SYDNEY, Australia—Graeme Isaako, one of the cast members of Australia’s Lion King, found a lot to like about Shen Yun Performing Arts World Company. He and his wife were at the first of a seven-show-run at Sydney’s Lyric Theatre on Tuesday evening, March 8.
“Shen Yun is like nothing I have ever seen before,” Mr. Isaako said.
“They bring class with them, authenticity, something very different and real.”
Based in New York, Shen Yun weaves mini-dramas of heroic legends, folkloric tales and stories of courage taken from 5,000 years of China’s divinely-inspired culture.
“I genuinely love that it’s real stories of China, of its origins,” Mr. Isaako said.
Shen Yun specialises in performing classical Chinese dance, a complete system of dance according to the company’s website, that “has a long history of thousands of years … soaking up profound wisdom from every era and dynasty.”
Recognised for its incredible flips and spins, and its gentle elegance, classical Chinese dance is also one of the most rigorous and expressive art forms in the world.
Mr. Isaako commented on the quality of Shen Yun’s dance performances and noted that it takes years of training to achieve that level of skill.
“Technically, the dancing was beyond measure, it was phenomenal.
“The males were strong, the females are just elegant. I was so uplifted. It was perfect. … I’m blown away, I seriously am blown away.”
He referred to the dance story “Handkerchiefs,” where a group of young ladies, dancing with pink handkerchiefs, celebrate against a background of fireworks.
“The whole time I was on the edge of my seat, and they would be just flipping upside down, catch, (twirling handkerchiefs) in rhythmic gymnastics-style. It was just so different.”
He said there was a “togetherness” about the Shen Yun dance formations.
“It was very communal … very together and unified, the break-off and they come back together, but then out of no-where there would be a whole scene of comedy and they’re lifting each other up and they’re acting. I felt such a sense of togetherness. That’s what I learned from the culture itself.”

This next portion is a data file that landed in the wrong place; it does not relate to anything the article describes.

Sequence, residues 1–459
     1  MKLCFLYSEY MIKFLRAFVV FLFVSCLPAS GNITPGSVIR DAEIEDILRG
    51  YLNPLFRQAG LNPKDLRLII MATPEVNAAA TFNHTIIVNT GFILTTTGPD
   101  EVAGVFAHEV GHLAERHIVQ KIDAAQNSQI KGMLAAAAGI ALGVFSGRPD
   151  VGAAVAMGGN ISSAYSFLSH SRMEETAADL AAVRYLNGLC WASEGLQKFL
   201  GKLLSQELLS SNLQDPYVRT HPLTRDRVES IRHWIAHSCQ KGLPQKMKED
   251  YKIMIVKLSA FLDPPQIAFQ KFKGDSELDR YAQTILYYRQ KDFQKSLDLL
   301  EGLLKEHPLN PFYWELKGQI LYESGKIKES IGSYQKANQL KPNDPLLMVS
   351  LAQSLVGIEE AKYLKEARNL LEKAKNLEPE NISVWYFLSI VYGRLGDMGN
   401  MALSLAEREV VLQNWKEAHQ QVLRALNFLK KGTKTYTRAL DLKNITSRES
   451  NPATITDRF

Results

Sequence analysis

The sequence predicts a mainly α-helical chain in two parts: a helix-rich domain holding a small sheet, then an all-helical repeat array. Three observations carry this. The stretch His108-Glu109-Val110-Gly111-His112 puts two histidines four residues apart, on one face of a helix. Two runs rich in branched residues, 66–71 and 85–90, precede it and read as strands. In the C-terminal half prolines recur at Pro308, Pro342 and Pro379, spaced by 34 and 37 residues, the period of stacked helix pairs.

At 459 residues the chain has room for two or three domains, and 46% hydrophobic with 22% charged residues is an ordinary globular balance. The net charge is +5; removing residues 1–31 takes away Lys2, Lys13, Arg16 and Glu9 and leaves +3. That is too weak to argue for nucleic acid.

He also learned of a spiritual side to Chinese culture that he had never seen before.
“I guess my eyes were opened to why they are and who they are. It carries through the music, carries through their poise and the way they present themselves. Even the show host at the end of every [scene]. The way she left the stage. It was so intriguing, it was beyond!”
Mr. Isaako said he was of Maori heritage and could relate to Shen Yun using the performing arts to revive China’s 5,000 years of cultural heritage.
“In my (Maori) culture, we say “whakapapa.” It’s their genealogy, it’s everyone that’s gone before them,” he said. “Basically, the people on stage today are who they are because of their forefathers, and they’re bringing that to the stage. That’s what I felt.”
Mr. Isaako said his sister and grandmother had seen Shen Yun in New Zealand and also loved it.
“My Nana’s half Chinese,” he explained. “I feel so renewed. It was powerful. It was really cool.”
Reporting by NTD Television and Raiatea Tahana-Reese
New York-based Shen Yun Performing Arts has four touring companies that perform simultaneously around the world. For more information, visit Shen Yun Performing Arts.
Epoch Times considers Shen Yun Performing Arts the significant cultural event of our time. We have proudly covered audience reactions since Shen Yun’s inception in 2006.